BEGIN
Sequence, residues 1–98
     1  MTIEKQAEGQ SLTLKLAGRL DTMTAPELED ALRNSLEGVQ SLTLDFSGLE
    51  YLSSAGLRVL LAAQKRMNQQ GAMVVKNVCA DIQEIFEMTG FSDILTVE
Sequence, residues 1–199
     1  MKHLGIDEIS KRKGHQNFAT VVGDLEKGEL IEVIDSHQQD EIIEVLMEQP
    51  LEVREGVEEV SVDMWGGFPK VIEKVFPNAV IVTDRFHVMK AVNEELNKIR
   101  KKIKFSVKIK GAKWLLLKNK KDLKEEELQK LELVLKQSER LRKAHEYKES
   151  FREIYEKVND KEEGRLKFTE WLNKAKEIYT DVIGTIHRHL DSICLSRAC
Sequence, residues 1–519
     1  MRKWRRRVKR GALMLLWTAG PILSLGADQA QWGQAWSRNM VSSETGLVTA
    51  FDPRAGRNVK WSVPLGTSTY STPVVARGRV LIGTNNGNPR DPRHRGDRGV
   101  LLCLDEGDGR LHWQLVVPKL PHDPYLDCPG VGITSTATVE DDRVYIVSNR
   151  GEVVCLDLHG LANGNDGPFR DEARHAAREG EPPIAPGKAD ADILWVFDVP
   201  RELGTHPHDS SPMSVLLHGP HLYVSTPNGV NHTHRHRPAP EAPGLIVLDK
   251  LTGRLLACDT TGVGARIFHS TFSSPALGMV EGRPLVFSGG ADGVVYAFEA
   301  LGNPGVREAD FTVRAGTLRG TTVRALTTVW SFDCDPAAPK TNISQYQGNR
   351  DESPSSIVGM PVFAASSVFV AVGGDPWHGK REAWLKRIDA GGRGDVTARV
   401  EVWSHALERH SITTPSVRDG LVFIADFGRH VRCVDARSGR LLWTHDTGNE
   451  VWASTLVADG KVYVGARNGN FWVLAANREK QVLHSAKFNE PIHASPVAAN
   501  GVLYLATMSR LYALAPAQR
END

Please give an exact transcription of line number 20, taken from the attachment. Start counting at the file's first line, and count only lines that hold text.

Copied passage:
   501  GVLYLATMSR LYALAPAQR